This past weekend, during a small press conference on a jet back to Rome from his visit to the Philippines, Pope Francis criticized the tradition—usually encouraged by the Vatican—of Catholic couples having large broods. “Some think that—excuse the word—that in order to be good Catholics we have to be like rabbits,” the National Catholic Reporter quotes the pope as saying. “No.”
Pope Francis illustrated his point by telling the story of a woman he met in Rome who was pregnant with her eighth child, despite the fact that all her previous births had been by cesarean section. “Does she want to leave the seven orphans?” he asked, declaring the choice to have so many children in a row “an irresponsibility” and calling on Catholic ministry to teach “responsible parenthood.”
Don't get too excited. The pope did not just endorse contraception, even though he was returning from a country where Catholic priests' efforts to curb reproductive rights have contributed to overpopulation. Instead, the pope argued that there are ways to avoid both contraception and excessive childbearing. “I know so many, many licit ways that have helped this,” he told reporters. “God gives you methods to be responsible.”
He didn't elaborate. Probably because there are not, in fact, “many, many” ways that the Catholic Church allows women to prevent pregnancy. There is only one: not having sex. You can remain a lifelong virgin, or you can give up on sex within your marriage, or you can practice periodic abstinence, which proponents euphemistically call “natural family planning,” but all methods come back to this idea that you should be having less sex. This isn't just a bummer for happy couples for whom sex is an important, fun, and bonding activity. For women living in male-dominated marriages, being able to say no to your husband when he wants it isn't really an option.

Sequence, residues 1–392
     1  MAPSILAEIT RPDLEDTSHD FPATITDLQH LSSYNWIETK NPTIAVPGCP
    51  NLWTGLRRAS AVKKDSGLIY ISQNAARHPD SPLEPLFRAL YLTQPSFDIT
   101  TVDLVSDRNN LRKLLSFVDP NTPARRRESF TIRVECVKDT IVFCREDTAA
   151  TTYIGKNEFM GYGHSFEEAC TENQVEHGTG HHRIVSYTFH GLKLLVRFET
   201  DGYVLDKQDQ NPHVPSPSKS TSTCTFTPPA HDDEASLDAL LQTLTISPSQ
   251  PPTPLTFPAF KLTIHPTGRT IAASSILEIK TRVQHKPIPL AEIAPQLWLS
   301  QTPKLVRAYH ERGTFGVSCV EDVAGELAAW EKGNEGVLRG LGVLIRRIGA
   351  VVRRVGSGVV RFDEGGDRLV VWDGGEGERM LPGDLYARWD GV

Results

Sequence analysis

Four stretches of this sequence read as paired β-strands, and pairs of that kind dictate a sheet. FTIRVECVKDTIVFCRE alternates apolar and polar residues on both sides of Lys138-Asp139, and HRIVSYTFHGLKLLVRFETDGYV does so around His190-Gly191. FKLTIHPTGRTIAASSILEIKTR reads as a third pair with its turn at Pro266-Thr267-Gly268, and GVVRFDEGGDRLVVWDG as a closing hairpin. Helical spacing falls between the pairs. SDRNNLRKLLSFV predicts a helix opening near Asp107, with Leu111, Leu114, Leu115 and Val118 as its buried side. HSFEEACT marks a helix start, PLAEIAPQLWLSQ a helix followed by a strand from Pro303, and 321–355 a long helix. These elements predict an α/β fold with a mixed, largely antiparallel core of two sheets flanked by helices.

And don't think you can cheat by switching to oral or anal sex. Those sex acts are definitely forbidden by the Catholic Church. Pope Paul VI decreed in the Humanae Vitae, “The Church, nevertheless, in urging men to the observance of the precepts of the natural law, which it interprets by its constant doctrine, teaches that each and every marital act must of necessity retain its intrinsic relationship to the procreation of human life,” which is a flowery way of saying it's best if you stick to penis-in-vagina intercourse or you are committing a sin. If Pope Francis has decided to change the rules to actually allow for “many, many” methods of preventing pregnancy, he is keeping that fact to himself.